Intermodular Linker Flexibility Revealed from Crystal Structures of Adjacent Cellulosomal Cohesins of Acetivibrio cellulolyticus

Ilit Noach, Felix Frolow, Orly Alber, Raphael Lamed, Linda J.W. Shimon, Edward A. Bayer

Research output: Contribution to journalArticlepeer-review

Abstract

Cellulosome complexes comprise an intercalated set of multimodular dockerin-containing enzymatic subunits connected to cohesin-containing nonenzymatic subunits called scaffoldins. The adjoining modules in each cellulosomal subunit are interconnected by a variety of linker segments of different lengths and composition. The exact role of the cellulosomal linkers has yet to be described, although it is assumed that they contribute to the architecture and action of the cellulosome by providing the protein subunits with flexibility and by providing spacers between the enzymatic modules that could enhance interactions with the cellulose substrate. Here we present four crystal structures of Acetivibrio cellulolyticus cellulosomal type II cohesins with linker extensions. Two of the structures represent two different crystal forms (trigonal and orthorhombic) of the same N-terminal cohesin module (CohB1) together with its full (6-residue) native C-terminal linker, derived from scaffoldin B. The other two structures belong to the adjacent (second) cohesin module (CohB2), each of which was crystallized with the same 6-residue linker segment, but now positioned at the N-terminus and with either a truncated (5-residue) or a full-length (45-residue) C-terminal linker, respectively. Comparison between the two CohB1 structures revealed significant differences in the conformation of their equivalent C-terminal linker segment. In one crystal form a helical conformation was observed, as opposed to an extended conformation in the other. The CohB2 structures also displayed diverse conformations in their linker segments. In these structures, different linker conformations were observed in the individual molecules within the asymmetric unit of each structure. This conformational diversity implies that the linkers may adopt alternative conformations in their natural environment, consistent with varying environmental conditions. The findings suggest that linkers can play an important role in the assembly, dynamics and function of the cellulosomal components.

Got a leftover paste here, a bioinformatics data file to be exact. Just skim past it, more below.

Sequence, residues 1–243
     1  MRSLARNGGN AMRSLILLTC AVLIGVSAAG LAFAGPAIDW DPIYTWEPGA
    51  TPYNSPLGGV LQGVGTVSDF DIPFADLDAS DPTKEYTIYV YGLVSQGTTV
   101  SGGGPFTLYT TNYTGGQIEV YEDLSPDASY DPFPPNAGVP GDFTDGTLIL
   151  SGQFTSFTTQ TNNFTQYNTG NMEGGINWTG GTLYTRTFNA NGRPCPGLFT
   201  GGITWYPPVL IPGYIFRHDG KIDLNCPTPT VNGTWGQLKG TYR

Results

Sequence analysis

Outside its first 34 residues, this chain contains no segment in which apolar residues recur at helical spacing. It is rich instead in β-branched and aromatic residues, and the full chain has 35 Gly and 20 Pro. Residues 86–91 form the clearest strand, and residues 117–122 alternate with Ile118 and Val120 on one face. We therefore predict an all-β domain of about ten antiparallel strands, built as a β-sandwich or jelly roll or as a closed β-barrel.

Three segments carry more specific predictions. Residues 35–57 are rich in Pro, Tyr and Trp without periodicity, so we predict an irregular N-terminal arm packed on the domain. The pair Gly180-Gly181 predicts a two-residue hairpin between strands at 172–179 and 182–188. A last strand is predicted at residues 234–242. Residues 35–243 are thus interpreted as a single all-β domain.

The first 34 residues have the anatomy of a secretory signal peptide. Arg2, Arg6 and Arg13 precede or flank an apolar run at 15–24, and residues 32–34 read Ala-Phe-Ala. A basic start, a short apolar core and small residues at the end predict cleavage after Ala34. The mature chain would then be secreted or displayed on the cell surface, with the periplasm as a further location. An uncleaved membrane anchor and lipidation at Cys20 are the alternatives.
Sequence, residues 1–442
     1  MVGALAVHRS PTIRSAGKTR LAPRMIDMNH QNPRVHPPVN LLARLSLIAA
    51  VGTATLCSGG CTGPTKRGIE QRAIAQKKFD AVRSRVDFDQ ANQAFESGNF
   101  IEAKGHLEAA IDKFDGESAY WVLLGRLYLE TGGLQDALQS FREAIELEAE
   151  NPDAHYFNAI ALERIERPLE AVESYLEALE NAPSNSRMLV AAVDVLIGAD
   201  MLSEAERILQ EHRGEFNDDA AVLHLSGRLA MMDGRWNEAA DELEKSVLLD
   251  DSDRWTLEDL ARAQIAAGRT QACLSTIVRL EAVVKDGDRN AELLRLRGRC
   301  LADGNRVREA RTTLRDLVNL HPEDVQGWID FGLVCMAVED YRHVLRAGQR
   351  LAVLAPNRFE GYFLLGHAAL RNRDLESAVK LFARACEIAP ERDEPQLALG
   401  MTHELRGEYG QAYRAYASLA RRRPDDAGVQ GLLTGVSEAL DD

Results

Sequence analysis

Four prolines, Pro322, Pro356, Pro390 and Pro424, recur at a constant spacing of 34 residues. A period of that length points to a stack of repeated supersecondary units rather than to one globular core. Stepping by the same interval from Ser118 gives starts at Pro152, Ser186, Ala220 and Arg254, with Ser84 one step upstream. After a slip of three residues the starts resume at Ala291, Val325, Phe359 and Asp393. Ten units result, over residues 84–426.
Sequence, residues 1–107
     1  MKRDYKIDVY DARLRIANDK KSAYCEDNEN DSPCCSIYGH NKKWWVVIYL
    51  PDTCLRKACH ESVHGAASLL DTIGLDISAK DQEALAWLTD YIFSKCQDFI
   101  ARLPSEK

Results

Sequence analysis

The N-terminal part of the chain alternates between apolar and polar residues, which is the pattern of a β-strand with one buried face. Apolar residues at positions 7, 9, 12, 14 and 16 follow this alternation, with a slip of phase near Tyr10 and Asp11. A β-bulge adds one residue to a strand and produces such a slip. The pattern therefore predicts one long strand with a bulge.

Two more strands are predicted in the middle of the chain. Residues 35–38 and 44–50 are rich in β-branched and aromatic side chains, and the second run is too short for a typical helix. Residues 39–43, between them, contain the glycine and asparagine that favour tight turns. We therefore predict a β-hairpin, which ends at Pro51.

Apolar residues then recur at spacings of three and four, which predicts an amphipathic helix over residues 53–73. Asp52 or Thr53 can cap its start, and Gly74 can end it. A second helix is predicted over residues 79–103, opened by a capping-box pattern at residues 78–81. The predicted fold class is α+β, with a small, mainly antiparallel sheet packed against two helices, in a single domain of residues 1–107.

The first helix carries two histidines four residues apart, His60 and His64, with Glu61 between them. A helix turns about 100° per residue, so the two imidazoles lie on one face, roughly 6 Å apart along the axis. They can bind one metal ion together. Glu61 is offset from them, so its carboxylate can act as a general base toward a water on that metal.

Original languageEnglish
Pages (from-to)86-97
Number of pages12
JournalJournal of Molecular Biology
Volume391
Issue number1
DOIs
StatePublished - 7 Aug 2009

Keywords

  • X-ray crystallography
  • linker segments
  • multienzyme complex
  • protein structure
  • scaffoldin

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